Serbo-Croatian, which I had learned – I think I should put the word “learned” in quotation marks – at the Foreign Service Institute, was not adequate for me to conduct these negotiations with the Yugoslavs. But the main negotiator on the Yugoslav side spoke French, and so we discussed the agreement in French, and that I was able to do. If you ask me now, what kind of agreement we reached, I’m not quite sure. But obviously it worked, because in the end our program continued as it was before.
We always had difficulties [with the Fulbright program] but I made it one of my priorities that during my tenure as Public Affairs Officer there, I would reach a Fulbright agreement. And I didn’t give up. I used cocktail parties, I used lunches, I used my calls on the Foreign Office or with other people. We always would say “Well, things will not be the same until we have a Fulbright agreement.”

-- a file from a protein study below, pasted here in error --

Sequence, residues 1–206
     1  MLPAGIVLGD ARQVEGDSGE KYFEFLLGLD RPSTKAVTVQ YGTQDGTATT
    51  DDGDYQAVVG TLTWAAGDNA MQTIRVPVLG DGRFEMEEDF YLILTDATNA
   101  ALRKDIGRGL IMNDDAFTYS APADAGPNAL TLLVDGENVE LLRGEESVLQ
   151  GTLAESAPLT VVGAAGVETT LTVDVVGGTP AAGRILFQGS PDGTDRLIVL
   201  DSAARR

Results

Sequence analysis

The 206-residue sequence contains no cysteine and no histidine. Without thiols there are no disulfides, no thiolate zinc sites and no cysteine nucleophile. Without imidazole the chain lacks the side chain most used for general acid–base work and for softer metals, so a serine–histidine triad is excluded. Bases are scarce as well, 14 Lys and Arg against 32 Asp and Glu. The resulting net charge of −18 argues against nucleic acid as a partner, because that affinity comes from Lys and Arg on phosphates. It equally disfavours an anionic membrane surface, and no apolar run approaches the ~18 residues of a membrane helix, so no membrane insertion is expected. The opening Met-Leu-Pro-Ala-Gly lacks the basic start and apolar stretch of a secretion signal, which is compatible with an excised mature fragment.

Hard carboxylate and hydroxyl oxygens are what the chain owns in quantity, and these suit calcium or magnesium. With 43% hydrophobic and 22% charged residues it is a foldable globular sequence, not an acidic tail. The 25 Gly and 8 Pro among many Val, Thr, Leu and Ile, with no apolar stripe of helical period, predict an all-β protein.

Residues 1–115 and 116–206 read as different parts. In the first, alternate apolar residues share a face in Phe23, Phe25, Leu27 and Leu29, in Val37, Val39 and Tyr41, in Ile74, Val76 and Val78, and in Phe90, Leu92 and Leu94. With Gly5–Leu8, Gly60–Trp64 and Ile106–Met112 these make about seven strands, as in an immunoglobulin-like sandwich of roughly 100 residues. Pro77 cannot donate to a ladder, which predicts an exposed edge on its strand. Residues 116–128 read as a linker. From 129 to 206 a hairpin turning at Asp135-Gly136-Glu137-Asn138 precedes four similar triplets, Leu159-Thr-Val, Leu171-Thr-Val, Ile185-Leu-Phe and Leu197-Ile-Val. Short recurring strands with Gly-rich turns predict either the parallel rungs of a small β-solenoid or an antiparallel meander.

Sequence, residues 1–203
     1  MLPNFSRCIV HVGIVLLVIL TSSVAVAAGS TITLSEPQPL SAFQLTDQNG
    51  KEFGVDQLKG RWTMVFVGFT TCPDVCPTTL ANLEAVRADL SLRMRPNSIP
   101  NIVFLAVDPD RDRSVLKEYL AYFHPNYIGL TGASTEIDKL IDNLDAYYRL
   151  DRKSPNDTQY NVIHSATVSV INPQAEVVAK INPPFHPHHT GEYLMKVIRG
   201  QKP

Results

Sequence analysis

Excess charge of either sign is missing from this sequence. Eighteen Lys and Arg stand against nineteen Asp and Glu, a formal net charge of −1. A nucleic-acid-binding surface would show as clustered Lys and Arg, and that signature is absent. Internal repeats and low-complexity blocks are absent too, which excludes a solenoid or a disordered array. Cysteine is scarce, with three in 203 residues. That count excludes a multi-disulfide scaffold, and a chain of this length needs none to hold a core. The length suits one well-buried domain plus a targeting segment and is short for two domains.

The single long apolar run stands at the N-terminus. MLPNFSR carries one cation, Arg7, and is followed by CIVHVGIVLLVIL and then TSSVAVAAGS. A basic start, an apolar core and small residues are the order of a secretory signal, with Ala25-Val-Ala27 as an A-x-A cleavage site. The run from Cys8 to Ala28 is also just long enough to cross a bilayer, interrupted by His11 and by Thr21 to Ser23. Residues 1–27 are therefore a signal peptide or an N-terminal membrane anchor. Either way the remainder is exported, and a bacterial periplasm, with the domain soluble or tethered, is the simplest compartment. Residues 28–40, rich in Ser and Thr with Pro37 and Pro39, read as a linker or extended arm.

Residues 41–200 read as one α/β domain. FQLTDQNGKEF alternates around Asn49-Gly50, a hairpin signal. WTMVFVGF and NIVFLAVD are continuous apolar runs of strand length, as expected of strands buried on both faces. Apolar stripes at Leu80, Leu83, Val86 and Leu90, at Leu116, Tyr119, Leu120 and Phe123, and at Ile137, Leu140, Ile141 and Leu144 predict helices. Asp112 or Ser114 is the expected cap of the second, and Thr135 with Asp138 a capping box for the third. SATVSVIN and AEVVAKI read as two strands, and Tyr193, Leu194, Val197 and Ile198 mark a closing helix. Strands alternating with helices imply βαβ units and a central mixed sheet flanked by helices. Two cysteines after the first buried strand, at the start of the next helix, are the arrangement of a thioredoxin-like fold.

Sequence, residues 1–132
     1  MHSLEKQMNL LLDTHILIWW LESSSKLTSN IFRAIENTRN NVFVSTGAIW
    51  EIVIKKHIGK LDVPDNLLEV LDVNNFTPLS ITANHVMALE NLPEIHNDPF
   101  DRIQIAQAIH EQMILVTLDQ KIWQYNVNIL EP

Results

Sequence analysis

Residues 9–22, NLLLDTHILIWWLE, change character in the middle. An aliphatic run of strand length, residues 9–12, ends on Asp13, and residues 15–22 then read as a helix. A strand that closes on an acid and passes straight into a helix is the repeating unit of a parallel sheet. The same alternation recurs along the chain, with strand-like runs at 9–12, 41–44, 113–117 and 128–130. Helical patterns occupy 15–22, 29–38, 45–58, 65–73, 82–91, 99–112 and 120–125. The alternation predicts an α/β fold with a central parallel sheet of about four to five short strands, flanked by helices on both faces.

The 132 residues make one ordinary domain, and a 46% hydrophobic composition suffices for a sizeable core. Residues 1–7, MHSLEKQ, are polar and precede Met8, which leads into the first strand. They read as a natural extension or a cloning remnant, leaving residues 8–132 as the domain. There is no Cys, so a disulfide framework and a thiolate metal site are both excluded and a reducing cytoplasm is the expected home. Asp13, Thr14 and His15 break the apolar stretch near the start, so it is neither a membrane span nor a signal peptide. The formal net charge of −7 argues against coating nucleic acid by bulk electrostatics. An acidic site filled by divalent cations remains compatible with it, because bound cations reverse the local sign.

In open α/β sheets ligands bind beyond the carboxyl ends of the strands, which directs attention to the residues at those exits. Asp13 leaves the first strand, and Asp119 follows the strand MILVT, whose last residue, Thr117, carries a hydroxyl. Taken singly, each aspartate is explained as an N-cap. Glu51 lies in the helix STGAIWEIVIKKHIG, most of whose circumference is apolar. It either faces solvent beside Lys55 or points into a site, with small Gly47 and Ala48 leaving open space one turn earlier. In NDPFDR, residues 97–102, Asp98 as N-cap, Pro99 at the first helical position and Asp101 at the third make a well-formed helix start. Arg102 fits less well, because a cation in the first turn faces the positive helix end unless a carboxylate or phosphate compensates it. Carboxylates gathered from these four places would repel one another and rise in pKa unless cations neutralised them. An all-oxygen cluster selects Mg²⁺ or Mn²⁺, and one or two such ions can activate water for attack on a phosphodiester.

|Kennedy and Tito at the White House|
Tito thought that was an excellent idea. The Yugoslavs relented on their insistence that all exchangees – and that was the stumbling block, they wanted to choose the people, and they would not want to give that to a commission – they relented that a Fulbright commission be established in Belgrade, of which the cultural officer of the United States would be the chairman. So we had a Fulbright agreement and Bill Fulbright himself came for the signing in 1964. It was absolutely the first Fulbright agreement in Eastern Europe; from what I hear it is still thriving.
|Senator Fulbright and LBJ, April 1964|